How to Calculate Weight Loss on a Treadmill

Treadmills help you track the calories you burn while working out.

Treadmills help you track the calories you burn while working out.

If you're looking for a way to burn calories to help you lose fat that doesn't involve running laps in the wind and rain or swimming in a community pool filled with screaming kids, a treadmill workout is a logical choice. You can not only stay out of the elements, but also catch up on a TV program as you work out. Treadmills are ideal for exercise, in part because they track the calories you burn.

Familiarize yourself with the relationship between calories and fat to help you understand how to calculate how much weight you lose during your workout. To lose a pound of fat, you must burn 3,500 calories more than what you consume through eating and drinking.

Check how many calories you burned by either walking or running on a treadmill. On virtually all modern-day machines, you can find this information displayed on the screen or by pressing the "Calories" button. For example, if you weigh 125 pounds and run for 30 minutes at a speed of 6 miles per hour, you'll burn 300 calories.

Calculate the percentage of a pound you burn during the workout by dividing the calories you burned by 3,500. For example, if you burn 300 calories during the workout, 300 divided by 3,500 equals roughly 0.086, or nearly one-tenth of a pound.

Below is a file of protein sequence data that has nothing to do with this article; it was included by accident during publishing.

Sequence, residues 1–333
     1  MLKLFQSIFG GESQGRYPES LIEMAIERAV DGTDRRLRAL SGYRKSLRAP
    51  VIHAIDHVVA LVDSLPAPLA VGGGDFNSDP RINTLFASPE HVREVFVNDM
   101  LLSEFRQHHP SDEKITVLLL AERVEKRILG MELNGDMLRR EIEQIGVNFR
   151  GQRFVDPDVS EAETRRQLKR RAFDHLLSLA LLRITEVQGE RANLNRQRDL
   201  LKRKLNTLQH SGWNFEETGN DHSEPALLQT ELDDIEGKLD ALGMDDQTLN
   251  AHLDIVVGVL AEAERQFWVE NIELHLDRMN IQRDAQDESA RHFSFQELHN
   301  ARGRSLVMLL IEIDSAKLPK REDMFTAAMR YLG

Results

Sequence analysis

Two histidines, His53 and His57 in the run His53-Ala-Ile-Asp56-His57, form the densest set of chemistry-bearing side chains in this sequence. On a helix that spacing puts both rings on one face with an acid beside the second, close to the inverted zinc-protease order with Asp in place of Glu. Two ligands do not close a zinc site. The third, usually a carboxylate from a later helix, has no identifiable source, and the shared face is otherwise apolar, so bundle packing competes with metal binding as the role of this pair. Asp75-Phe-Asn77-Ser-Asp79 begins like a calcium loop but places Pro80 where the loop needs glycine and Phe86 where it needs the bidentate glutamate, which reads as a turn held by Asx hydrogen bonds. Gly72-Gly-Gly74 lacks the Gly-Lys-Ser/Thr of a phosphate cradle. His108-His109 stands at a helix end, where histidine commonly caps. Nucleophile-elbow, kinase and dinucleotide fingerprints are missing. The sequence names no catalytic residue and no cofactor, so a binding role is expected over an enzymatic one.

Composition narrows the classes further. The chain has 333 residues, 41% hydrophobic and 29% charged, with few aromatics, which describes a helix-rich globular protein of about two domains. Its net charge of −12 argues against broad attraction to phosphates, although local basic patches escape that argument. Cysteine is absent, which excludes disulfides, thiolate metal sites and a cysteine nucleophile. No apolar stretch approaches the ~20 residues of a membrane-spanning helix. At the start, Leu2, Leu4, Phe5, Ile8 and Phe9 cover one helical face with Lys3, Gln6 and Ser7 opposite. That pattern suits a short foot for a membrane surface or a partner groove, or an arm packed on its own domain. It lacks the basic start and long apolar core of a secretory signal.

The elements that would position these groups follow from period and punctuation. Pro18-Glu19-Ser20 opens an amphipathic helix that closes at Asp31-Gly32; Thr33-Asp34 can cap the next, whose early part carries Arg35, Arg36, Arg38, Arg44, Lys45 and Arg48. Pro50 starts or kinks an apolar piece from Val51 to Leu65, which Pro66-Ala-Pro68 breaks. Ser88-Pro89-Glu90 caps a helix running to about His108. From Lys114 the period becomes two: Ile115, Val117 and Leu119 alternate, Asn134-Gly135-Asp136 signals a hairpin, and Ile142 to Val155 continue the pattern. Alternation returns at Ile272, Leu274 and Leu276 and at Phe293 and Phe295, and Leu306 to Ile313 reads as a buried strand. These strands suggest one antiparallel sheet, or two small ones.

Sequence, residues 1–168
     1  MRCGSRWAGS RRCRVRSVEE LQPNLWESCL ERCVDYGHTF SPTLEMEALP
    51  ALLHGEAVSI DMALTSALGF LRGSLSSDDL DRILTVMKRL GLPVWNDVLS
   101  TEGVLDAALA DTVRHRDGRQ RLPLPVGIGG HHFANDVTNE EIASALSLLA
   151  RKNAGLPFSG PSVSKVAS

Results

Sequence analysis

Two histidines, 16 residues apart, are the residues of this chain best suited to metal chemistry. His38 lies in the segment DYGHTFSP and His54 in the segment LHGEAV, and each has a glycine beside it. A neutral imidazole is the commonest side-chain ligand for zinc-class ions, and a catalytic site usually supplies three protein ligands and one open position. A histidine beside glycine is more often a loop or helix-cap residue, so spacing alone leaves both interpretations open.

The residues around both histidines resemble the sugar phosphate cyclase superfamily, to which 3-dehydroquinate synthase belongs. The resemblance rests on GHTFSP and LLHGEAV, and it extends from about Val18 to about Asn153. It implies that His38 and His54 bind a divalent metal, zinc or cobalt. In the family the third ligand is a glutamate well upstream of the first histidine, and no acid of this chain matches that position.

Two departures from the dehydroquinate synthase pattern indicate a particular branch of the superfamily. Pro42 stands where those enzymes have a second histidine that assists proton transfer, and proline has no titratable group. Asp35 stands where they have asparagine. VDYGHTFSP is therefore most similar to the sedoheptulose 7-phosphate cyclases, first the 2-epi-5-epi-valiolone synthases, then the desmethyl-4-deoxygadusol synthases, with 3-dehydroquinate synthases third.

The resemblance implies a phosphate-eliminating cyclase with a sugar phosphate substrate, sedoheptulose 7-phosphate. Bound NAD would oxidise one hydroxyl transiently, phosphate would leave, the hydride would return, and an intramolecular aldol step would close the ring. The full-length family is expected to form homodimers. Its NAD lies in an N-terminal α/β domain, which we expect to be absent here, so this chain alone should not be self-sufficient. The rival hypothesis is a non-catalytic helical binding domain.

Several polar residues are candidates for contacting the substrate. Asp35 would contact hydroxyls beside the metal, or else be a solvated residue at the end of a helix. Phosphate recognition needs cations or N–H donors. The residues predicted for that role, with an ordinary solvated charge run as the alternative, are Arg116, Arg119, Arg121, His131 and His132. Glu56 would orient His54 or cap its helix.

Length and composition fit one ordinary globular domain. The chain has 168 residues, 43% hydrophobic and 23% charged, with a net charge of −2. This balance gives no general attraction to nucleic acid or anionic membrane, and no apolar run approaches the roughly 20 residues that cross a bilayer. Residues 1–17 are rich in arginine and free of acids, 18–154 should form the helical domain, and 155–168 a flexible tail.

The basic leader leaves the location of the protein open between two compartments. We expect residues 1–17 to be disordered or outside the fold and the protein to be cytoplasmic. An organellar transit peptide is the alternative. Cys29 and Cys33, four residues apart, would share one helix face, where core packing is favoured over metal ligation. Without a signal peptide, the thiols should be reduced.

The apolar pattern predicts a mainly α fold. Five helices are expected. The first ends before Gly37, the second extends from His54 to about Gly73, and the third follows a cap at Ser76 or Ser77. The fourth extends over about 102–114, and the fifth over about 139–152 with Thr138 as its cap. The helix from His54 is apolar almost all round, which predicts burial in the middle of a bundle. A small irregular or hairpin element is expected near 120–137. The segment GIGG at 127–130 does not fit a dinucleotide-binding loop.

Items you will need

  • Calculator


  • The amount you sweat during a workout isn't related to the calories you burn. Sweat relates to your water weight and isn't an effective way to realistically track weight loss. As soon as you rehydrate after working out, you replace any weight you lost through sweating.
  • The "Globe and Mail" warns that calorie counters on exercise machines base their results on averages, so don't take their findings as the absolute truth. If your calculations show that you've burned enough calories to lose nearly one-tenth of a pound of fat, the actual number might be slightly more or less.


  • If you experience pain in your joints during or after walking or running on a treadmill, discontinue this exercise.
  • Consult a doctor before adding new exercises to your workout plan.

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About the Author

Toronto-based journalist William McCoy has been writing since 1997, specializing in topics such as sports, nutrition and health. He serves as the Studio's sports and recreation section expert. McCoy is a journalism graduate of Ryerson University.

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